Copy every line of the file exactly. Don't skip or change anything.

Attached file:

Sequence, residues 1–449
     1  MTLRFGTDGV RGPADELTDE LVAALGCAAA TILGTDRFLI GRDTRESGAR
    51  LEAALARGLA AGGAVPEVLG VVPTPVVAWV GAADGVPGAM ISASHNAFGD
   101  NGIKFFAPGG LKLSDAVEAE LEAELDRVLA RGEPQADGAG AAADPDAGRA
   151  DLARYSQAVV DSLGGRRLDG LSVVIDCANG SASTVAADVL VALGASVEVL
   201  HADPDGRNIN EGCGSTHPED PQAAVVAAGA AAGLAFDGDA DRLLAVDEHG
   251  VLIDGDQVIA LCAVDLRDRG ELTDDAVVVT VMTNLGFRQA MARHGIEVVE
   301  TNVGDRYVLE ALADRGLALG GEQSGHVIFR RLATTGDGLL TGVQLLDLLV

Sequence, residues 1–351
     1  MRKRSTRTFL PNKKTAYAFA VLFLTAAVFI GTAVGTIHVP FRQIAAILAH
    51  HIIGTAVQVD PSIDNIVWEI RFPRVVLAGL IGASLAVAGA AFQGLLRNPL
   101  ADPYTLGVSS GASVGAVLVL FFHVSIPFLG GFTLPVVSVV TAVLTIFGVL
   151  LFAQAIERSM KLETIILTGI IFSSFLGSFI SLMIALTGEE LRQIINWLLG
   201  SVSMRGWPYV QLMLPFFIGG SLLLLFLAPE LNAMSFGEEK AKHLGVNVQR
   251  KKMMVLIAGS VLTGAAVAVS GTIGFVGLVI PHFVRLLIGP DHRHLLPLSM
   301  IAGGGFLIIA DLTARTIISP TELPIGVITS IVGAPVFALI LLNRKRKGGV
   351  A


Sequence, residues 1–449
     1  MTLRFGTDGV RGPADELTDE LVAALGCAAA TILGTDRFLI GRDTRESGAR
    51  LEAALARGLA AGGAVPEVLG VVPTPVVAWV GAADGVPGAM ISASHNAFGD
   101  NGIKFFAPGG LKLSDAVEAE LEAELDRVLA RGEPQADGAG AAADPDAGRA
   151  DLARYSQAVV DSLGGRRLDG LSVVIDCANG SASTVAADVL VALGASVEVL
   201  HADPDGRNIN EGCGSTHPED PQAAVVAAGA AAGLAFDGDA DRLLAVDEHG
   251  VLIDGDQVIA LCAVDLRDRG ELTDDAVVVT VMTNLGFRQA MARHGIEVVE
   301  TNVGDRYVLE ALADRGLALG GEQSGHVIFR RLATTGDGLL TGVQLLDLLV

Sequence, residues 1–351
     1  MRKRSTRTFL PNKKTAYAFA VLFLTAAVFI GTAVGTIHVP FRQIAAILAH
    51  HIIGTAVQVD PSIDNIVWEI RFPRVVLAGL IGASLAVAGA AFQGLLRNPL
   101  ADPYTLGVSS GASVGAVLVL FFHVSIPFLG GFTLPVVSVV TAVLTIFGVL
   151  LFAQAIERSM KLETIILTGI IFSSFLGSFI SLMIALTGEE LRQIINWLLG
   201  SVSMRGWPYV QLMLPFFIGG SLLLLFLAPE LNAMSFGEEK AKHLGVNVQR
   251  KKMMVLIAGS VLTGAAVAVS GTIGFVGLVI PHFVRLLIGP DHRHLLPLSM
   301  IAGGGFLIIA DLTARTIISP TELPIGVITS IVGAPVFALI LLNRKRKGGV
   351  A